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Dear Gramps,

Is there a commandment in the church that says you can’t be re-baptized when recommitting yourself? I have a son who has been inactive, but is coming back. He just wants me to re-baptize him to show his recommitment to himself and God I guess. He has not been excommunicated, he does not want laying of hands for membership or Holy Ghost. He just wants me to do it. No recording of it, no witnesses. If there is a law against it where and why. Can you advise please?





Dear Jon,

Rebaptism to show recommitment to the gospel used to be common enough early in the Restoration, but I think it’s been about 150 years since we really practiced that. I don’t think there are any rules against it. It’s more that it isn’t done, because it isn’t necessary.  We have the privilege and opportunity to renew our baptismal covenants weekly when we partake of the Sacrament.

Because the Sacrament is something we can/should do weekly, there may be a tendency to take it for granted.  However there are blessings awaiting those who appreciate this sacred ordinance.  Elder Don R. Clarke gave a beautiful talk about these blessings (I recommend it), and in part he said:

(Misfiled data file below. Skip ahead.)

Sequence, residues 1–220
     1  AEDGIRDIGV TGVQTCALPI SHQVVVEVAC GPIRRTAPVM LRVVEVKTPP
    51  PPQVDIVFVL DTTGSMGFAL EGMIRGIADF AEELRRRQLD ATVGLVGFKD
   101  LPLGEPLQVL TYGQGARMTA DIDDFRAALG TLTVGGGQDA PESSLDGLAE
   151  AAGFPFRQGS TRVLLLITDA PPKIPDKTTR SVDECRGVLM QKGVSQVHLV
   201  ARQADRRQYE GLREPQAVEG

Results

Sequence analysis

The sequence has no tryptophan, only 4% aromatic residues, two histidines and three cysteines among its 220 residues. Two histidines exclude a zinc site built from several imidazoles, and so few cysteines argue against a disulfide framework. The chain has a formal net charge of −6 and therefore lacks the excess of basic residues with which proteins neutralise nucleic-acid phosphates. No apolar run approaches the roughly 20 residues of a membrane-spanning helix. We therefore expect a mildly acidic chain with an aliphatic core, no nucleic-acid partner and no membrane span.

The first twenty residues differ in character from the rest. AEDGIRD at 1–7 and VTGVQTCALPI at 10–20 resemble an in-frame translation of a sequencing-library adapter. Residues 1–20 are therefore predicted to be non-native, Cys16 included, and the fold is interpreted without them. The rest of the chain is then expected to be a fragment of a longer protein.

“If we have spent time before sacrament meeting repenting of our sins, we can leave sacrament meeting feeling clean and pure. President Boyd K. Packer said: “The sacrament renews the process of forgiveness. Every Sunday when the sacrament is served, that is a ceremony to renew the process of forgiveness. … Every Sunday you cleanse yourself so that, in due time, when you die your spirit will be clean.” Partaking of the sacrament worthily can help us feel like the people of King Benjamin, who “were filled with joy, having received a remission of their sins, and having peace of conscience.






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